But aside from Dembele, there are some other key contributors. Erik Lamela is something of a counterpressing machine. He regularly produces the sort of intensity that most players only have when attempting to soothe a damaged ego after losing possession themselves. This completely differs from Christian Eriksen’s style, who often looks as if he’s contributing nothing to regaining the ball. However, much of his movement comes before possession is lost, where he will position himself far enough away to be a valuable passing option but also close enough to immediately win the ball back should he need to.
Unnoticed contributions and high levels of anticipation & intelligence are what lead to such a high GoalImpact for Eriksen.
Lamela will always get more coverage for his pressing than Eriksen because his contributions are obvious. But Eriksen is unique in his ability to win the ball back quickly, and at high volume.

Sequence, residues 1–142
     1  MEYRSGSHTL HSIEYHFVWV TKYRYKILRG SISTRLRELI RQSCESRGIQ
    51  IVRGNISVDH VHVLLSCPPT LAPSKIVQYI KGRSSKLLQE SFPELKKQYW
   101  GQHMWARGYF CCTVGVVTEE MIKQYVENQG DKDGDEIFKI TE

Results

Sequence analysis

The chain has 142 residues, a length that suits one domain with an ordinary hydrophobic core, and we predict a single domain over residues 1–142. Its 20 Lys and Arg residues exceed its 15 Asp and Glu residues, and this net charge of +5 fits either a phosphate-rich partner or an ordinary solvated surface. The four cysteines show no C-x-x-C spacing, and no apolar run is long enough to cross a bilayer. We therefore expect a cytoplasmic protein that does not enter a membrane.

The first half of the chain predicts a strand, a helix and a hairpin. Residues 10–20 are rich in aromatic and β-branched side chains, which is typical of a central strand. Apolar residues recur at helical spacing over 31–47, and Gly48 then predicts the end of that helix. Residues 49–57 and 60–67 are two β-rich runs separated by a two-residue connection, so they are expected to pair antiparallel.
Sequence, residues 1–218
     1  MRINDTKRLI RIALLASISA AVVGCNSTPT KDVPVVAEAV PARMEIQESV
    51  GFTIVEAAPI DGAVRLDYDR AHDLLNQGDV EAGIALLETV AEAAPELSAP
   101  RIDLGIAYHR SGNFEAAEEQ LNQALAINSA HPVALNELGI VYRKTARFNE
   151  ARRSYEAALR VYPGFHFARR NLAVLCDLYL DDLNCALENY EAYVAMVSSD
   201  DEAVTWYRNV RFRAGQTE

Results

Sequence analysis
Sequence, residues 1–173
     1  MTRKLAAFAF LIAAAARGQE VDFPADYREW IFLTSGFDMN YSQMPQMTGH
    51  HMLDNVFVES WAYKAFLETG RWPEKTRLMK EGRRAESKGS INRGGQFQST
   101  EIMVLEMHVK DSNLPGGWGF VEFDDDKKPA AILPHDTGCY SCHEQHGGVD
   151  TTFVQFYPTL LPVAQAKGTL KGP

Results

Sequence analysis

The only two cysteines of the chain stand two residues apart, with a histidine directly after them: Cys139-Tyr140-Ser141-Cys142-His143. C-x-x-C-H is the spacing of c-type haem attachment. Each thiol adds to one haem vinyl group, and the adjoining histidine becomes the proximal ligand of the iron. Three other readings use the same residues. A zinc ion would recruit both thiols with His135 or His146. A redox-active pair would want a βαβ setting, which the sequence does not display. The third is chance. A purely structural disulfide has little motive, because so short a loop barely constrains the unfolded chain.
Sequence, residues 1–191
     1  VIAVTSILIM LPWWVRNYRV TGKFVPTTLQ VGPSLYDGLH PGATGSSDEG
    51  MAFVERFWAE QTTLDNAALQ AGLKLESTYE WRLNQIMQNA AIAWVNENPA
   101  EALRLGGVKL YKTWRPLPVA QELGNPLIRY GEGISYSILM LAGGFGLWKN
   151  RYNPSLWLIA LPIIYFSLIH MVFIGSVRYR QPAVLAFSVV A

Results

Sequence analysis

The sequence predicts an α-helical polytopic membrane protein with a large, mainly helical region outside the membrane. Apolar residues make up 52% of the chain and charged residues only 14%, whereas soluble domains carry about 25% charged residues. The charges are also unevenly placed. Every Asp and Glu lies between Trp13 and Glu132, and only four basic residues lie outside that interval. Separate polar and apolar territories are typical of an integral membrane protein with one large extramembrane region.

Some players’ contribution to counterpressing comes from ricochets, or immediate tackles. Lamela, on the other hand, is the only ‘front four’ player with an average time per counterpressing recovery of over 2.5 seconds.
Erik ‘duracell bunny’ Lamela: after failing to win the ball with his initial tackle attempt, he keeps going and eventually gets it back. 2-0 up, one minute left until half time? No problem.
However, if Adebayor doesn’t win the ball straight back then it’s unlikely he’ll continue the press. After being a prominent figure in Pochettino’s first 10 games (starting nine of them), he was soon dispatched and didn’t start another Premier League game for Spurs. Pochettino briefly flirted with using Soldado, but the emergence of Harry Kane came at the perfect time.